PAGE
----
George Wythe served almost uninterruptedly in Virginia's House of Burgesses from 1754 to 1775 and was a delegate to the FIRST CONTINENTAL CONGRESS in 1774, later signing the DECLARATION OF INDEPENDENCE. With his pupil Thomas Jefferson (John Marshall and HENRY CLAY were also his students) and EDMUND PENDLETON, Wythe revised Virginia's laws. He was appointed to the Virginia Court of Chancery in 1778; one year later he became the first professor of law in the United States, enabling him to influence the course of American jurisprudence. His opinion in COMMONWEALTH V. CATON (1782) approved, in theory, a court's right to restrain a legislative act violative of the constitution. Wythe was a delegate to the CONSTITUTIONAL CONVENTION OF 1787 and chairman of its rules committee, but judicial duties obliged him to leave the convention early. At the Virginia convention he worked for RATIFICATION OF THE CONSTITUTION. Wythe opposed slavery and freed the slaves he inherited.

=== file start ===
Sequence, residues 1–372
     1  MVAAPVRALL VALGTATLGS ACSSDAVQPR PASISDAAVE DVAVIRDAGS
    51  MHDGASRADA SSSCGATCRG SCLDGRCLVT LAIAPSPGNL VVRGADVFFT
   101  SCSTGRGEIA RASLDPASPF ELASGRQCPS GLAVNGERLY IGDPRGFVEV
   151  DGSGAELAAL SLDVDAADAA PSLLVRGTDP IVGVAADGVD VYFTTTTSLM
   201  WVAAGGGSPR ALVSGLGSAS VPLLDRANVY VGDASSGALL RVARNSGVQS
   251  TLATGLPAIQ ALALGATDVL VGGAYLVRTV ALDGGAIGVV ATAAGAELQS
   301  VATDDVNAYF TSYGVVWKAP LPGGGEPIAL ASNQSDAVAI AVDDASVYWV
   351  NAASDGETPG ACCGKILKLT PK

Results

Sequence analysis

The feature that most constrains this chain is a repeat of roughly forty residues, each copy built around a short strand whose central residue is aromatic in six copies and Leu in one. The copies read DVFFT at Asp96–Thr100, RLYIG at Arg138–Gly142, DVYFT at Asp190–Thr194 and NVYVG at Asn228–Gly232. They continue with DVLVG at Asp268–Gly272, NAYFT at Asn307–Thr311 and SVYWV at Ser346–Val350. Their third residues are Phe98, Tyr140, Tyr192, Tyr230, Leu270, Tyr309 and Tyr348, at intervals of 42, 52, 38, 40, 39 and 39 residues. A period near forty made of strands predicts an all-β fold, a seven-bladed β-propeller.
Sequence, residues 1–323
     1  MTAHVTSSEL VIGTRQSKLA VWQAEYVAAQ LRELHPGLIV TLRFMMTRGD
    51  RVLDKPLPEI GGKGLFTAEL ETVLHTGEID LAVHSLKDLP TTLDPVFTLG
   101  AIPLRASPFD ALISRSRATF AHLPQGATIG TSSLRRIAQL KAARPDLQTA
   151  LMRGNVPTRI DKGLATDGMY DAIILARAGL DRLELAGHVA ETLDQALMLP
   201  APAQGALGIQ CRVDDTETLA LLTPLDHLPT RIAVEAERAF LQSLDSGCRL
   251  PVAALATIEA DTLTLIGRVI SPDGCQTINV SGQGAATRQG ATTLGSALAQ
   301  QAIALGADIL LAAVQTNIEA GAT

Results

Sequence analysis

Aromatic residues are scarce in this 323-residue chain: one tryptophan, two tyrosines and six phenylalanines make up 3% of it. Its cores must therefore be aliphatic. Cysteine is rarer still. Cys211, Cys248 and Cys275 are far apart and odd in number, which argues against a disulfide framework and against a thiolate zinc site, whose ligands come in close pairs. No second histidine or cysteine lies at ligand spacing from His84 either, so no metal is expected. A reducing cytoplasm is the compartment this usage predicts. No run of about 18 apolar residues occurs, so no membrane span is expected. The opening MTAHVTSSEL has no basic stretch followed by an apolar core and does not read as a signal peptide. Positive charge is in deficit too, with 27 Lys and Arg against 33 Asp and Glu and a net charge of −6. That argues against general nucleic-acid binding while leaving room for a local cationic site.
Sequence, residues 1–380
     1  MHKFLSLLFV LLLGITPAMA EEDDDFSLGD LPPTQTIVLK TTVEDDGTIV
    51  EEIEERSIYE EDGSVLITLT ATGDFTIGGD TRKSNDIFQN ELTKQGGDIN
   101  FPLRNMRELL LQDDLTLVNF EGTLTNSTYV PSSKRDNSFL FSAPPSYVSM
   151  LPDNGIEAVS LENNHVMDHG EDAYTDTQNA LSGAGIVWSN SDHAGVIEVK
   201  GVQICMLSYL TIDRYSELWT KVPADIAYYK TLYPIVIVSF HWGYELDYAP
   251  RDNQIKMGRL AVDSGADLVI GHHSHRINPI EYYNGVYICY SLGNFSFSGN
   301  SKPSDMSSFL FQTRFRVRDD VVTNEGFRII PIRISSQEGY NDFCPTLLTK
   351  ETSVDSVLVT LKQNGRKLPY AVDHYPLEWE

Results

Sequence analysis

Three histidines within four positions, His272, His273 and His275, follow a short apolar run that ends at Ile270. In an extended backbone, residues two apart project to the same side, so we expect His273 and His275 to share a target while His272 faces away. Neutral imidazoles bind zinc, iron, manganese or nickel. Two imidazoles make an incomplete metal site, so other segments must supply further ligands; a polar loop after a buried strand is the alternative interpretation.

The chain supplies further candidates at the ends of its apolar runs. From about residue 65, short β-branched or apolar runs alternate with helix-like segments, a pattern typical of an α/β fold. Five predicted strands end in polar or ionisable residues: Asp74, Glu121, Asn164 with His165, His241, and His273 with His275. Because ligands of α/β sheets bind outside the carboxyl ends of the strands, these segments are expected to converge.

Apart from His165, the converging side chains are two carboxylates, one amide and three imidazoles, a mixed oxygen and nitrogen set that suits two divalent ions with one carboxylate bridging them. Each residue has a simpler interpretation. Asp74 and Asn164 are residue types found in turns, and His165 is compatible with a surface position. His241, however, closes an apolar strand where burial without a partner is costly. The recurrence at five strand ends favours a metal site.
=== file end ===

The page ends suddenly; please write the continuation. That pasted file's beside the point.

CLARKIN, WILLIAM 1970 Serene Patriot: A Life of George Wythe. Albany,...